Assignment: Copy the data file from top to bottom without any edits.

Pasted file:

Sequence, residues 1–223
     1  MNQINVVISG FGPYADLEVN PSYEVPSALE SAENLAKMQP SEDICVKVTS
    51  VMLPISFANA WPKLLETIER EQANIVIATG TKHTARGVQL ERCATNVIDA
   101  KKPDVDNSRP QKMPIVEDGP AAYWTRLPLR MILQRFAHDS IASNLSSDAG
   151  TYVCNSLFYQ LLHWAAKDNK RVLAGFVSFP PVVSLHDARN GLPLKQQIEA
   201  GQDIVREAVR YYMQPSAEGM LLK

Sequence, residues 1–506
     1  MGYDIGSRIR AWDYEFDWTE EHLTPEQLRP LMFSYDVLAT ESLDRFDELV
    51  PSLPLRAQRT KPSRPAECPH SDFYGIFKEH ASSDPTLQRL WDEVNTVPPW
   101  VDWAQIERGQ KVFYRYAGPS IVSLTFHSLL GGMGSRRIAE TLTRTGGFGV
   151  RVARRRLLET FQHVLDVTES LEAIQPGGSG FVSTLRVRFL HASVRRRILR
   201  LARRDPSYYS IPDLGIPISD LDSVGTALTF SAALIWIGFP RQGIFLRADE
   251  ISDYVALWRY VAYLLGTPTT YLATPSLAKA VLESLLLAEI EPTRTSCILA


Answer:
Sequence, residues 1–223
     1  MNQINVVISG FGPYADLEVN PSYEVPSALE SAENLAKMQP SEDICVKVTS
    51  VMLPISFANA WPKLLETIER EQANIVIATG TKHTARGVQL ERCATNVIDA
   101  KKPDVDNSRP QKMPIVEDGP AAYWTRLPLR MILQRFAHDS IASNLSSDAG
   151  TYVCNSLFYQ LLHWAAKDNK RVLAGFVSFP PVVSLHDARN GLPLKQQIEA
   201  GQDIVREAVR YYMQPSAEGM LLK

Sequence, residues 1–506
     1  MGYDIGSRIR AWDYEFDWTE EHLTPEQLRP LMFSYDVLAT ESLDRFDELV
    51  PSLPLRAQRT KPSRPAECPH SDFYGIFKEH ASSDPTLQRL WDEVNTVPPW
   101  VDWAQIERGQ KVFYRYAGPS IVSLTFHSLL GGMGSRRIAE TLTRTGGFGV
   151  RVARRRLLET FQHVLDVTES LEAIQPGGSG FVSTLRVRFL HASVRRRILR
   201  LARRDPSYYS IPDLGIPISD LDSVGTALTF SAALIWIGFP RQGIFLRADE
   251  ISDYVALWRY VAYLLGTPTT YLATPSLAKA VLESLLLAEI EPTRTSCILA